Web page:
Friday, 14 October 2016

instagram pictures: the edit.





























It's just an instagram picture. Those are words you'd never hear come out of my mouth - it may just be for instagram but I take it very seriously. The reason why I was so drawn to this social media platform in the first place was because, I felt it was a way for me to visually portray a story of who I am and what I stand for. And a big factor in that is the way everything is edited.

Once I've narrowed down my search for the perfect shot, from the 70 I took that day, that's when all the fun begins...


the process
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Faded: This app is a definite staple for editing my photos, so I always start with this. It has everything from the basic adjustment tools, multiple filters, special effects to frames. In the past I have downloaded about 5 different apps to do everything that this one app does, so it's fantastic. I never used to like any filters, but over the past few months I have been obsessed with 'whitehorn' which is under the 'holiday' category. But like I said, I'm not overly keen on filters so I use this very sparingly. Then generally after that I tend to sharpen my pictures by about 10+ or so, upping the exposure from anywhere between 10-20+ and then adjust the contrast so my black tones stand out more. Because of the vibe I aim for, I also like to desaturate my pictures from time to time, depending on it's original form. It's essential that my pictures have a landscape frame, but they have loads of other shapes to play around with so have a bit of fun with it!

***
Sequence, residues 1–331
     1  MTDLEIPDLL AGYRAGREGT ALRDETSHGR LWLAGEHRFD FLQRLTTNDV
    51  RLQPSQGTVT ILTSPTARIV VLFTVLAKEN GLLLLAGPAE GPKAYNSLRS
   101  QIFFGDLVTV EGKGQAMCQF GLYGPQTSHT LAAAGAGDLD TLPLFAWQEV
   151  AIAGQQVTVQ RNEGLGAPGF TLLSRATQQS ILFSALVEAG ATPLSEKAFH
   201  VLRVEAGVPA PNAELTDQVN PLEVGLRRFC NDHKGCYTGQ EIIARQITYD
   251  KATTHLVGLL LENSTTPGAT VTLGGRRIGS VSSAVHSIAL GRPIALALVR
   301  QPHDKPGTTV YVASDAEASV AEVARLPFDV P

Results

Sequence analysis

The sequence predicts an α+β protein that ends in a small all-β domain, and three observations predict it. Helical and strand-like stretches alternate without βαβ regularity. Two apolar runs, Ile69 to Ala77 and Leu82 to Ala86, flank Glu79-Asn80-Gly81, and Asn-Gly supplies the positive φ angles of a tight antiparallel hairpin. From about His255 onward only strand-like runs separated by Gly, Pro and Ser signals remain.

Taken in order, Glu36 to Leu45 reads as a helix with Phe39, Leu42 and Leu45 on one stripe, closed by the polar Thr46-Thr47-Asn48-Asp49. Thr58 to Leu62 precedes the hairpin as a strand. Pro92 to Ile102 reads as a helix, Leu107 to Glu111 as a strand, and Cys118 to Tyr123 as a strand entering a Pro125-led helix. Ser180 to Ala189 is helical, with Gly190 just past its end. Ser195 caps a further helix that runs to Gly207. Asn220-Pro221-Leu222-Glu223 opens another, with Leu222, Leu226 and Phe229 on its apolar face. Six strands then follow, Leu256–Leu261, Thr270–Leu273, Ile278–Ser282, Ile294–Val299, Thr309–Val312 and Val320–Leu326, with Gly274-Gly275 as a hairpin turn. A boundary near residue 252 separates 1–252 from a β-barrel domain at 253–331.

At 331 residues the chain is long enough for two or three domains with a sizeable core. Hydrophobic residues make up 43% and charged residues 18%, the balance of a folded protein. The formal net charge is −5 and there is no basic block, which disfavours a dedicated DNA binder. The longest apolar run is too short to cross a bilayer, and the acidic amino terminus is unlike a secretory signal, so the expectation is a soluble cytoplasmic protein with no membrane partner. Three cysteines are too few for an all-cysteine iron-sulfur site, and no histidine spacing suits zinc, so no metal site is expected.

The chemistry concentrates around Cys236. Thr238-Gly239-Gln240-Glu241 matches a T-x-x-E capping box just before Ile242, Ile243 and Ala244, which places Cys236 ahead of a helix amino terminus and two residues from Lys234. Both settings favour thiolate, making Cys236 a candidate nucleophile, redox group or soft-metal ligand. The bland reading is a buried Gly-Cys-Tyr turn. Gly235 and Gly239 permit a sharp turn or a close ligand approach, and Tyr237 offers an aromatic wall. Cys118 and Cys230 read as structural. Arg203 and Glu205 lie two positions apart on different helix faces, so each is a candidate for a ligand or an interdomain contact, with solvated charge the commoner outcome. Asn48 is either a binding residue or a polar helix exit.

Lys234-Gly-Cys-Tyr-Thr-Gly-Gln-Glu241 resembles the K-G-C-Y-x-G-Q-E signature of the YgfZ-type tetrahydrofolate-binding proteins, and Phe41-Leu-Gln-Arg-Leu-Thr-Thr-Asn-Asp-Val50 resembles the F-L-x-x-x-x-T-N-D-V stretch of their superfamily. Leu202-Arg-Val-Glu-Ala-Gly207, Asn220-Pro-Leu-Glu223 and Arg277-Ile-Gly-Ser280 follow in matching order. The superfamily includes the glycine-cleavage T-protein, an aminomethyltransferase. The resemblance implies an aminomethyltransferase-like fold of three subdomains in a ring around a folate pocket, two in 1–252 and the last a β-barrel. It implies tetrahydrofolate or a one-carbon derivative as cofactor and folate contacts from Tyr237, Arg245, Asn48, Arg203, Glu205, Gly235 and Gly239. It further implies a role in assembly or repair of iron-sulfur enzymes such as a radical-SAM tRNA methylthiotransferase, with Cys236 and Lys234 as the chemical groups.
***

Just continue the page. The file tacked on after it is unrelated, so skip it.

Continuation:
Facetune: Once the main edits have been done, I like to do subtle touch ups - and Facetune is your phones answer to photoshop! As much as I'd like to look skinnier and have perfect skin, I personally don't entertain those options for my face/body shots *although I get so tempted sometimes*. I like to see those little imperfections that make us distinctive. But for pictures of my food or room decor, it's a different story and I love using this app to make all those unwanted marks disappear. For this photo specifically, there were the odd bits of fluff on one pillow, and stains on the other. To get rid of it I used the patch option first, which basically allows you to take aspects from other parts of your photo to cover the things you don't like (if that makes sense!). I then finished that off with the smooth tool, so it wasn't so obvious what I had done.

Photo Splash: I have downloaded sooo many different apps in the past for selective colouring, but this is by far the best on the market. It does exactly what it says on the tin, with additional filters (which I don't use myself), as well as the option to make your brush size bigger or smaller. I hate when anything black or white is off colour, so this just makes everything that little bit more crisp. The more you zoom in though the blurrier the pictures becomes, so you might have to focus in and out a few times to get it looking how you want. Beware: with every good comes a bad, and the negative side to this are all the damn pop-up ads!

Instagram: This is a step that is very new to me, but has made such a big difference to the final execution. I skip the filters and go straight to the edits. I always thought using this would hinder the look of the frames, which I didn't want, but it hasn't seemed to so far (it will if you use the filters so be warned). My go-to instagram tools are the highlights and shadows. Unlike on Faded, where you can only go 0+, you can actually adjust right down to the negatives as well. This comes in handy again to intensify the black and white areas. I will normally go around -20 for the shading, and about 5-10+ for the highlight for that extra pop of colour. 


*As far as I can remember, I'm pretty sure that all of these apps were free!*


the results
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